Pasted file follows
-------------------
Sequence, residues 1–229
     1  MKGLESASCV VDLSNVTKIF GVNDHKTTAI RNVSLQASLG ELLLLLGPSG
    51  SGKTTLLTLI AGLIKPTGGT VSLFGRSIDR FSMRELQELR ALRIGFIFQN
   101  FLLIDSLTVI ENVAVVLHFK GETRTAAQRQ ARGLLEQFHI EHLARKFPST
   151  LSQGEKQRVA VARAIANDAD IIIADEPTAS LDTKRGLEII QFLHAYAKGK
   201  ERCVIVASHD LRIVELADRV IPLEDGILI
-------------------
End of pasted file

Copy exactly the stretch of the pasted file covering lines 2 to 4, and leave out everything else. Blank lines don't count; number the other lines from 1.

     1  MKGLESASCV VDLSNVTKIF GVNDHKTTAI RNVSLQASLG ELLLLLGPSG
    51  SGKTTLLTLI AGLIKPTGGT VSLFGRSIDR FSMRELQELR ALRIGFIFQN
   101  FLLIDSLTVI ENVAVVLHFK GETRTAAQRQ ARGLLEQFHI EHLARKFPST